EXOBIOLOGY 45 States would construct an orbiter that would include a radar mapping instrument for studying the satellite's surface. Because the atmosphere of Titan is already known to contain a rich variety of organic molecules, the probe is being designed to include a gas chromatograph. Current plans also include the possibility of some post-impact measurements to try to characterize materials on Titan's surface. Planetary Missions After 1995 Sample Return Missions: The Next Step Assuming all of the missions described in the previous section are approved, launched, and successfully fulfill their objectives, the new perspective we will have in 1995 can be summarized as follows: Spacecraft will have visited every planet in the solar system except Pluto. The Space Telescope will have given us our first clear views of Pluto and its unusually large satellite Charon. At least one of the two dark, asteroidal moons of Mars will have received a detailed investigation, and at least three bona fide asteroids will have been surveyed. A wealth of information about Halley's Comet will have been assimilated, and data on the behavior of Comet Temple II may shortly be arriving from a spacecraft poised in its vicinity. This (CRAF) mission will be equipped to deliver much more detailed information about the organic material found in cometary nuclei than the Halley missions could tell us. The existing suite of in situ measurements on Venus may have been extended in number and type. Detailed topographic maps of Venus and geochemical maps of Mars may allow an intercomparison of the physical and chemical processes at work on all three large inner planets at an unprecedented level of detail. The information from the Galileo Jupiter probe may provide a fundamental calibration scale for elemental and isotopic ratios made throughout the solar system. Galileo will also provide the first direct investigation of a highly reducing planetary atmosphere and the chemistry that takes place there. A mission may be under way to bring our knowledge about Saturn's satellite Titan up to this same level of understanding. This mission should provide far more information about organic chemistry in a reducing environment than Galileo could. To move forward past this point, it is necessary to consider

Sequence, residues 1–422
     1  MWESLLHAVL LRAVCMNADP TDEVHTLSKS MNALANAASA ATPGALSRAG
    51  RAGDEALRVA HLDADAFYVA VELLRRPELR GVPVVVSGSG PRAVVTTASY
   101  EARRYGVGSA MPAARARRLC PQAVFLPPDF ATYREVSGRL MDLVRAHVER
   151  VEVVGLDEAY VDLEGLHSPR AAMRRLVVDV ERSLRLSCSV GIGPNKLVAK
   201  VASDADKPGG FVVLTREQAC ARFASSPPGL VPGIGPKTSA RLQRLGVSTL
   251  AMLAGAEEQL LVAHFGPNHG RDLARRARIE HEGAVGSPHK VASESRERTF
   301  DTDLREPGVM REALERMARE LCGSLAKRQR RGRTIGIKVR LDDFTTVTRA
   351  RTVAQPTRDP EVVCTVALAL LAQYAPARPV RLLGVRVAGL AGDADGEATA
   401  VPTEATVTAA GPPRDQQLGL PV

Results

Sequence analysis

EXOBIOLOGY 46 a much more ambitious class of missions: those that involve the return of samples to Earth. It is sobering to realize that this most difficult enterprise was first accomplished in 1969 when Armstrong, Collins, and Aldrin returned to Earth with material from the Moon. Twenty-six years later, the Moon will remain the only celestial object from which we have collected samples. This circumstance may be attributed primarily to the high cost of such missions. Given the sophistication of modern analytical techniques, is it really necessary to pay this price? Do we really have to bring samples back to our earthly laboratories? There is a clear consensus in the planetary community that the answer to both of these questions is affirmative. Among the unique data that can be obtained from returned samples are those described in the following list (based on the Solar System Exploration Committee (SSEC) report titled Planetary Exploration Through Year 2000 (SSEC / NASA Advisory Council, 1983), describing augmented missions): 1. Independent Ages and Historical Data. These are determined from highly precise measurements of radioactive isotope parent-daughter pairs in selected samples and different fractions of the same sample. Such measurements require large mass spectrometers and ''clean-room'' techniques. The resulting ages permit the timing of planetary events and the time limits on processes during the early solar system. 2. Precise Chemical and Isotopic Data. Remote measurement techniques cannot compete with the abilities of terrestrial laboratories to measure abundances of 60 to 70 elements to levels of parts per billion, including precise isotope ratios. 3. "Ground Truth" for Global Planetary Missions. Once we have detailed information on a few samples, we can use this to calibrate the global mapping data available from precursor orbiters. Among the operational advantages accruing to the analysis of returned samples, the following can be mentioned: 1. There are virtually no limits on the instrumentation that is available to study the samples. Given enough material, virtually any type of analysis can be performed. 2. The analytical instruments being used are state-of-the-art. They do not suffer from the 5-to 10-year lag that is common in the case of space missions.